|The Rise of Ancient Egypt|
Narmer Menes 3100 B.C.
A Brief Essay on the Birth of Egypt
Egypt is perhaps the most mystical and famed of all civilizations to ever take root on the Earth and probably had the most stable (yet isolated) existence of any culture on Earth. Egyptian history is fairly uneventful and dull until they dropped their xenophobic lifestyle around the 1460s with Queen Hatshepsut, sister of Thutmose III described in my article Empires of the Hittites, Hurrians, and Middle Egypt: Bronze Age Superpowers. Their overall stability most likely came from their desire for complete isolation and their pharaoh system of leadership, where the pharaohs were revered as gods in human flesh. Ancient Egypt itself was very nearly xenophobic, and they even believed that if they died outside of Egypt's borders they would not go to heaven with their Egyptian gods, so virtually no one ever left and little to no contact was ever maintained with other cultures. But what about the pharaohs? Well, the pharaohs began as a charade. Yes, you read that correctly. Around 3100 B.C. Egypt became what you know it to have been because a con-artist named Narmer Menes pretended to be a god. The story says that he learned how to measure the rising and falling of the mighty Nile River, the heart of Egypt and the cause of its wonderful soil and perfect crops.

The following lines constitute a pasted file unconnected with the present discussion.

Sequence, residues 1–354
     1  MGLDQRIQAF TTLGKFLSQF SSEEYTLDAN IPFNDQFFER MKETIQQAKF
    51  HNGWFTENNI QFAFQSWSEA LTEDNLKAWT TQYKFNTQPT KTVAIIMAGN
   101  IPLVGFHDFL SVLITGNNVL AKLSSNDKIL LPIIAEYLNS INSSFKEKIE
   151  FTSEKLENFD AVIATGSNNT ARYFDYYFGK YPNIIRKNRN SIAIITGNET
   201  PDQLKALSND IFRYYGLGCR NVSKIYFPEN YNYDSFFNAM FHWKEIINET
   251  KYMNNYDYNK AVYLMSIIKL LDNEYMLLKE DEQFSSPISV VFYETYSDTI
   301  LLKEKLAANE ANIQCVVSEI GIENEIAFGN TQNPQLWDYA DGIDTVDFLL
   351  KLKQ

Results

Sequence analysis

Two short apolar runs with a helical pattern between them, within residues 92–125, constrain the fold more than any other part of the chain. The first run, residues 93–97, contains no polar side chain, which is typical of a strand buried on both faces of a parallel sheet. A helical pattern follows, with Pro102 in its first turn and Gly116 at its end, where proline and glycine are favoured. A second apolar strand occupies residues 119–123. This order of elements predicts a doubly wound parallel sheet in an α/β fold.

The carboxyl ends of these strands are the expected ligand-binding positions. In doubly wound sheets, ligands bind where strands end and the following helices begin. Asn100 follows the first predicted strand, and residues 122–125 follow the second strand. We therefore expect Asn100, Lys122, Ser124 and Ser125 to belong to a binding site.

|The Nile River Valley is the dark green|
strip. The river is mostly covered by
the lush plant life it provides from its waters.
The dark blue water to the right
is the Red Sea
|Depiction of Narmer|